Dictionaries and the Everlasting Quest for Precision
“Assume nothing” could be written on a neatly framed postcard on every writer’s desk. However, in 2009, it was the slogan of the HSBC, and ultimately led to a $10 million rebranding campaign. How? Let’s assume there exists no appropriate expression for “assume” in every other language. But to market the bank’s services globally, translating the slogan became unavoidable. In some countries, that meant turning “assume” into “do,” resulting in the infamous “Do nothing” campaign.
There are countless examples of unfortunate translation accidents that caused everything from laughter to ruckus to tragedy, often because a single word didn’t convey the exact meaning the author thought it would. Recently, I read an article in the Washington Examiner back from 2012, stating that the “W4” (or “Web4”), the successor of the eminent “Webster’s Third New International Dictionary,” was still in development roughly 60 years after the W3’s release. It will presumably never be available on paper, though. “Besides,” the author of the piece concluded, “precision in the use of language, of the kind an excellent dictionary is supposed to help provide, is not a notable feature of our age.”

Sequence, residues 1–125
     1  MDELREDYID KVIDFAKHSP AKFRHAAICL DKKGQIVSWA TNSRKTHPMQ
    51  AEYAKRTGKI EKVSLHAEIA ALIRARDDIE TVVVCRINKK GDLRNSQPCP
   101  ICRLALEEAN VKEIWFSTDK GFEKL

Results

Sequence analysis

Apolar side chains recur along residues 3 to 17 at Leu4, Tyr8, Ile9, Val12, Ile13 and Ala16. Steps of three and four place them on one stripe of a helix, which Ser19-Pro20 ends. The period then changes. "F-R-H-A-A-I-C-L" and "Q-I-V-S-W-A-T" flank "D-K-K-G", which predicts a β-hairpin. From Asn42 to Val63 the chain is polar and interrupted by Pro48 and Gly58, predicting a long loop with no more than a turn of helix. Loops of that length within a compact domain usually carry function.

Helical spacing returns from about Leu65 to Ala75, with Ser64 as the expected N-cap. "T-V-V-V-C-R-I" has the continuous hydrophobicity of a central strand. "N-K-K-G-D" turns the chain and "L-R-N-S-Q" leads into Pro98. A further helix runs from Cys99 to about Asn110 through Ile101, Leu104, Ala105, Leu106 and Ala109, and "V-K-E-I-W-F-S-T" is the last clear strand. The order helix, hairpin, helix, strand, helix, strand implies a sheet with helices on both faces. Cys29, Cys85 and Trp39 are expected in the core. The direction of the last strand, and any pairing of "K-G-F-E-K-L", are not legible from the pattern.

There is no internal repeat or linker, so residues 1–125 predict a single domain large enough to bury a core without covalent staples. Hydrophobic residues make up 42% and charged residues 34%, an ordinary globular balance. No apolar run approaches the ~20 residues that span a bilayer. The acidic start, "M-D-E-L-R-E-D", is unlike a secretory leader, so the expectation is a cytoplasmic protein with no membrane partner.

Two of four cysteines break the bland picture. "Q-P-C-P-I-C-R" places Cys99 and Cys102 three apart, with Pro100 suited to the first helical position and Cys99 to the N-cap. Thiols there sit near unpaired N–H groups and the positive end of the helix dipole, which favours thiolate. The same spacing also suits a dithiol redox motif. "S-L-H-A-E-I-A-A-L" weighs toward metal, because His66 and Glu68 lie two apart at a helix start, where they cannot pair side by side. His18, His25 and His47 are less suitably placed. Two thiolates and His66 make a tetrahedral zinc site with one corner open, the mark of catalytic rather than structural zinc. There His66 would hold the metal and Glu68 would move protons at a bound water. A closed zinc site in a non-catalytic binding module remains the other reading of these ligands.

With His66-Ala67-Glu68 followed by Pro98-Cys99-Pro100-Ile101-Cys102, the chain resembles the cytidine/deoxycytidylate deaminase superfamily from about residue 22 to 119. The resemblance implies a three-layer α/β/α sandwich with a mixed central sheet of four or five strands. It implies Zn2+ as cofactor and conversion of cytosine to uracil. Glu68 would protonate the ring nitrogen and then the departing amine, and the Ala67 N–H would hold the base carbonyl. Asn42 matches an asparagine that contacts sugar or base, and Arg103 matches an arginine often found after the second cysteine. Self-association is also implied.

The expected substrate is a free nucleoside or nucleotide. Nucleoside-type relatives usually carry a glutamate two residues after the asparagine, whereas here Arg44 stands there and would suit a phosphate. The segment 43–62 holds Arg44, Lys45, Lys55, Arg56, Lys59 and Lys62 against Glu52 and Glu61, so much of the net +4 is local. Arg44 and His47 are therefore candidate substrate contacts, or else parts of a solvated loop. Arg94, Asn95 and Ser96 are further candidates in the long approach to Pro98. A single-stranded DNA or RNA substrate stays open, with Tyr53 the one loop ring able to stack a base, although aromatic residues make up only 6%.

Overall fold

A bold statement – and it’s probably true. The vast majority of people don’t seem to care a lot about choosing the right word, even though they experience rancor online for yet the slightest mistake. People don’t care because they believe they can always correct and erase their mistakes. To them, the internet is different from paper; even though what you write online will most likely be permanent, it doesn’t feel that way.
Technology is convenient, and it makes us sloppy. You can make the case that most people won’t concern themselves with their mistakes and with yours neither, so why should you care? Because some will, and these are individuals you’ll likely want to influence through your words.
They might be demanding clients or squeamish employers. They might be devoted readers or ardent admirers. If you climb up the social ladder, at a certain point, every word begins to matter. The higher the cultural capital, the more they tend to care about details, precision, and elegance. They don’t read Buzzfeed; they read The New Yorker.
Which brings me to John McPhee, one of the pioneers of creative non-fiction writing. He worked for TIME until 1964 and joined ranks with The New Yorker in 1963. He has written over a hundred pieces for The New Yorker alone, and all of his 30 books originated from these articles. Since 1974, McPhee has been teaching creative writing at Princeton University; in 1999, he won the Pulitzer Prize. Almost more impressively, he was nominated four times.
Without a doubt, John McPhee devoted his life to writing. Not to any writing, though, to precise writing. In his book, “Draft No. 4,” he mentions dictionaries fairly often. In fact, the book’s title hints at his favorite editing phase, when he draws boxes around words that aren’t wrong but don’t quite hit the mark. Eventually, he looks them up in a dictionary, hoping to find more meaningful replacements.